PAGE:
Muslims across the world fall into different sects including Sunni and Shia (also known as Shiite). Then in America the Black Nation of Islam movement and other sects of Islam contribute to America’s religious soup. Most (85%) Muslims across the world, however, identify most closely with Sunni.
This division has plagued Muslim believers for centuries while unity glistens in the far distance. For outsiders, it is somewhat difficult to understand the origins of the split or even the differences among the sects. Though in this short excerpt it will be difficult to confine all of the elements, here is a snapshot of the Islamic divide.
The great Islamic divide is a historic, 1,400 year long split that began with a drawn out fight about who should be the next caliph (Muslim leader). After the death of the faithful prophet Muhammad in 632, Muslims did not come to an agreement on whom the next leader would be. So confusion ensued.
Muhammad left no clear directions on how to select a successor for the nation, so elders of the community debated, eventually electing Abu Bakr as the first caliph. As a result, tempers were loosed across tribes in Arabia. Disagreeing Muslims continued to recognize Muhammad as prophet and refused to send taxes to the City of the Prophet, Mendia. Separatists (as some would call them) or pious Muslims did not recognize Abu as the properly appointed leader.
Abu died shortly after and chose the second caliph Umar ibn al-Khattab on his deathbed. After leading the Islamic nation in an expansion campaign across the Middle East, Umar was stabbed and killed in 644.
Uthman ibn Affan was then selected as the third caliph. He reigned for twelve years and was assassinated while praying. The Islamic nation became highly discontented with his unconventional methods, so rebels took it upon themselves to restore order. But a tumultuous reign would follow. Finally, the fourth caliph was appointed.
Ali ibn Abi Talib’s tenure began rocky. The public was outraged with Ali’s failure to apprehend Uthman’s killers, thus civil war broke out across the region.
Forces led by Uthman’s cousin and governor of Damascus, Mu’awiya Ummayad, challenged Ali and forced him to compromise. As a result, Ali’s faithful followers felt betrayed and struck the leader down in 661. Mu’awiya declared himself caliph.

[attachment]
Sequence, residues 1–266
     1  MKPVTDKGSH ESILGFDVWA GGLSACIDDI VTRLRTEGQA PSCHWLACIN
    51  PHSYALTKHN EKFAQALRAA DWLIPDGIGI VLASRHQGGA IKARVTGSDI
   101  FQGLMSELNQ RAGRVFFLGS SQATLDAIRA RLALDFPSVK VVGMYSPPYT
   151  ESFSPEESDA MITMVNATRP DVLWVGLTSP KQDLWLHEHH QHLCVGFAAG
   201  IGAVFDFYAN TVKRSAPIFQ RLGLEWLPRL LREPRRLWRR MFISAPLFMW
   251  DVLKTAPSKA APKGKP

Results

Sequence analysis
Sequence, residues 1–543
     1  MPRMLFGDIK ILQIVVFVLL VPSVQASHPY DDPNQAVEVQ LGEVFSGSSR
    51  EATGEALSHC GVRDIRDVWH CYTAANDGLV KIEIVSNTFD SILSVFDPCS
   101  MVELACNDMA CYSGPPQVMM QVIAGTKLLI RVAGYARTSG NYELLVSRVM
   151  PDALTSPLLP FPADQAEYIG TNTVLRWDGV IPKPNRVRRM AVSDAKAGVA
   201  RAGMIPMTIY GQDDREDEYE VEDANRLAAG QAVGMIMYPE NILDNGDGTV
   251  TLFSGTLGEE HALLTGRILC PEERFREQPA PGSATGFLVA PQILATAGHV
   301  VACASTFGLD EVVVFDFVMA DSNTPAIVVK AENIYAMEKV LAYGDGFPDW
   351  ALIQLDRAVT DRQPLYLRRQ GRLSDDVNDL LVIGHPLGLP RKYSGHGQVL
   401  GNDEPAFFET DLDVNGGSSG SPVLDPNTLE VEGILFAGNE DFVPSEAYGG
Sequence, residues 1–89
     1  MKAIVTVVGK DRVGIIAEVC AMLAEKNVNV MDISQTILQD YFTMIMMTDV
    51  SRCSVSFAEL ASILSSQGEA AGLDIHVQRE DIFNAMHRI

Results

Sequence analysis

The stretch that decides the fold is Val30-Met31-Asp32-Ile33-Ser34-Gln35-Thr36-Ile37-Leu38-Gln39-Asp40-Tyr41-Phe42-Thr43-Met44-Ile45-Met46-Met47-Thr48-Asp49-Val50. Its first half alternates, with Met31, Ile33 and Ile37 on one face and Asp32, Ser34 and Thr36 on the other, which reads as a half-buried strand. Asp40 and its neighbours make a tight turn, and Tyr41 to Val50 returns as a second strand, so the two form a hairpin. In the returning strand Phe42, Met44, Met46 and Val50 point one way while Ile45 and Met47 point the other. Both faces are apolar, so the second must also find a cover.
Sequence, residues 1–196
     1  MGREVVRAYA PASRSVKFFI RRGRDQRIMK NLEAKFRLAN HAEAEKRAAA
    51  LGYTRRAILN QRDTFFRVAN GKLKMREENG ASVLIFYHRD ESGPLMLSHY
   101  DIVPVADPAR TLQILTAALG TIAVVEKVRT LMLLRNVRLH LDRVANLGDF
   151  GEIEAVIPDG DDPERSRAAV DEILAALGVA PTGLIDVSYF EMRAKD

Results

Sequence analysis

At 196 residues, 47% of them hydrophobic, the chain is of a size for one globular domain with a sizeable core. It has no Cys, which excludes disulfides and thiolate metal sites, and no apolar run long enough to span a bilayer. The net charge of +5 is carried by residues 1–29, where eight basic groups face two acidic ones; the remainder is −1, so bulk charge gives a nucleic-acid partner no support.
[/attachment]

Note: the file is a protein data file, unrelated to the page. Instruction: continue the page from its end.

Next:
Yazid, Mu’awiya son, assumed the caliphate, but Ali’s younger son Hussein led an army against Yazid. His military front failed and Hussein was killed in battle, however Ali, his youngest child survived, continued the lineage. The division between Shia and Sunni thus commenced.
Now that we’ve covered a bit of the long history of Islam, let’s take a look at the difference. At the core of Muslim beliefs, no matter the sect, are the five pillars of faith (faith, prayer, alms, fasting, and pilgrimage) and the belief that there is one god, Allah. They also have similar beliefs of death, salvation and resurrection. However, there are significant differences in practices and theology between the groups.
Shiites were known as the Shiat-Ali, partisans of Ali. The group believes Ali is the true caliph divinely appointed. Shiites are among the minority of Islam and are labeled the more radical and militant followers. Only one-tenth of the world’s Muslim population belongs to the Shiite sect. They are known for their strong tradition in suffering and sacrifice. The group is refined to separate philosophical beliefs, movements, and political authority. Shiites believe it was on Muhammad’s deathbed that Ali was appointed successor of the caliphate.
Sunni on the other hand are often called the moderate division of Islam and are known for their tolerance. Sunni is derived from the Arab word for followers of the prophet. They believe any worthy man is able to lead the nation, thus they recognize the first four caliphs as legitimate leaders. They espouse the writings and words of the caliphs.
Sufis are the mystical, lesser-known division of Islam. Typically traditional Muslims care not to identify Sufis as Muslim. Generally they oppose austere interpretation of the Qur’an. In reaction to the “worldliness” of the reigning caliphate from 661 to 750, this movement of Sufis Muslims branched off and embraced unorthodox doctrine and practices. Instead of seeking God though a prophet or priest, Sufis emphasize the personal relationship with God.
All in all, Muslims embrace one another as Muslims. Division persists among the community of Islamic people, but leaders continue to attempt unification through private talks, organizations, and prayer.